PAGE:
He bowed, and she stepped into the lift without any further form of farewell. Vine walked thoughtfully back to his rooms. He was a man who had grown hard and callous in the stress of life, but somehow the memory of Virginia’s pale face and dark reproachful eyes remained with him.
A NEW VENTURE
Phineas Duge, notwithstanding an absence of anything approaching vulgarity in his somewhat complex disposition, was, for a man of affairs and an American, singularly fond of the small elegances of life. Although he sat alone at dinner, the table was heaped with choice flowers and carefully selected hothouse fruit. His one glass of wine, the best of its sort, he sipped meditatively, and with the air of a connoisseur. The soft lights upon the table were such as a woman, mindful of her complexion, might have chosen. Behind his chair stood his English butler, grave, solemn-faced, attentive. The cigars and matches were already on his left-hand side, ready for the moment when he should have finished his wine. Outside a footman was waiting for a signal to bring in the after-dinner coffee.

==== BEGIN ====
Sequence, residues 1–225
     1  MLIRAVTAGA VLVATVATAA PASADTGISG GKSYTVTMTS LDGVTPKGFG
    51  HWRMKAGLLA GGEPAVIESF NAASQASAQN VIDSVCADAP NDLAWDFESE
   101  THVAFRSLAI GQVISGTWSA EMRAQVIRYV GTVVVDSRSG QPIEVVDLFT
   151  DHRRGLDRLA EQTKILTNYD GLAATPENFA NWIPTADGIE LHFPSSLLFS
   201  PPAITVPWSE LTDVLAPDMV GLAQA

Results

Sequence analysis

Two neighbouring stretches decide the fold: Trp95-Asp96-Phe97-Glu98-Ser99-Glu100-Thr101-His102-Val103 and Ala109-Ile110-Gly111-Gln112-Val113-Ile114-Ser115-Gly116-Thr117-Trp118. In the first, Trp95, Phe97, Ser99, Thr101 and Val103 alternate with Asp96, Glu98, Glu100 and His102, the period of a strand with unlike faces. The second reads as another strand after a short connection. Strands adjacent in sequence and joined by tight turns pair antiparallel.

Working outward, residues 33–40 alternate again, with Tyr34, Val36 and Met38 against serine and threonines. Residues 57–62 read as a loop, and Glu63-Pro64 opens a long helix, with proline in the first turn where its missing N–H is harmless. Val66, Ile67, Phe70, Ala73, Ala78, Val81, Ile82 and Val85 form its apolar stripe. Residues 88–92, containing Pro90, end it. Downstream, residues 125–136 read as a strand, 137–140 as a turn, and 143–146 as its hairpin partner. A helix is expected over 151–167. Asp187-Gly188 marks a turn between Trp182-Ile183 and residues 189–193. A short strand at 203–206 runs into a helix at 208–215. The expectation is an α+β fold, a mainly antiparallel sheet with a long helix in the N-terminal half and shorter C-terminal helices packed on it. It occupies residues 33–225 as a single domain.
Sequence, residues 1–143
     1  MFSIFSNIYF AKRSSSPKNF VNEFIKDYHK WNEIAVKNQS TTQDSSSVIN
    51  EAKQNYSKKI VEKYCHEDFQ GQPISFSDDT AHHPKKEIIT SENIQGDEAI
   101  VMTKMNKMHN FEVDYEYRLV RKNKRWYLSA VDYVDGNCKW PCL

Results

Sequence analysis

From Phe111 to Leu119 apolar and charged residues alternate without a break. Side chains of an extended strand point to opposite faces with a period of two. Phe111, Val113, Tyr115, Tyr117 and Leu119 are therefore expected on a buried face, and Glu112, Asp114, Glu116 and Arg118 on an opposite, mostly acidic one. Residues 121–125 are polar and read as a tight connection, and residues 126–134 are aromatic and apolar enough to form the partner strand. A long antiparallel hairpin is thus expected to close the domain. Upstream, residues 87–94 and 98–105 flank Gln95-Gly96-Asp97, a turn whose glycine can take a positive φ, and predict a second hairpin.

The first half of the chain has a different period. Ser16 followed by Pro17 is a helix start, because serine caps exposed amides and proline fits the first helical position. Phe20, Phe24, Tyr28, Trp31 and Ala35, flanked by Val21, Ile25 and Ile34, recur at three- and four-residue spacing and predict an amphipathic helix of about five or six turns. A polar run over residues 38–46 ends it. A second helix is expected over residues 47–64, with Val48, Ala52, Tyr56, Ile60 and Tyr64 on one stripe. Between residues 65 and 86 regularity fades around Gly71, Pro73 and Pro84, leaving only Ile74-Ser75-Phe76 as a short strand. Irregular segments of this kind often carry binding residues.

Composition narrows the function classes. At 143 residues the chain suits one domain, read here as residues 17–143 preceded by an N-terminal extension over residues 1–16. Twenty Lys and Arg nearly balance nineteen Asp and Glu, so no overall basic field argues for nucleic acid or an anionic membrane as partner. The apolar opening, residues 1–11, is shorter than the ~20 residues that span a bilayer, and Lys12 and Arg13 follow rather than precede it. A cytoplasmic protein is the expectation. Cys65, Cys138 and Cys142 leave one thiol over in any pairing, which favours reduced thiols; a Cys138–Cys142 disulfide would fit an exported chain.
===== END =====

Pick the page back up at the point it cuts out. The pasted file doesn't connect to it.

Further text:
Across his luxurious table, through the waving clusters of sweet-smelling flowers to the dark mahogany panelled wall beyond, the eyes of Phineas Duge seemed to be seeking that night something which they failed to find. The last few weeks seemed in a way to have aged the man. His lips had come closer together, there were faint lines on his forehead and underneath his eyes. The butler from behind his chair looked down upon his master’s carefully parted and picturesque hair, wondering why he sat so still, wondering what he saw that he looked so steadily at that one particular spot in the panelled wall, and lingered so unusually long over the last few drops of his wine. Phineas Duge himself wondered still more what had come to him. For many years men and women had come and gone, leaving him indifferent as to their coming and going, their pains and their joys; and to-night, though there were many matters with which his mind might well have been occupied, he found himself in the curious position of indulging in vague and almost regretful memories. The place at the other end of his table was empty, as it had been for many nights; for during the period of his titanic struggle with those men against whom he had declared war, he had shunned all society, and lived a life of stern and absolute seclusion.
To-night that steady gaze which wandered over the drooping flowers was really fixed upon that empty chair at the other end of the table. A man of few fancies, he was never quite without imagination. His thoughts had travelled easily back to a few weeks ago. He saw Virginia sitting there, watched the delightful smile coming and going, the large grey eyes that watched him so ceaselessly, the little ripple of pleasant conversation, which he had never dreamed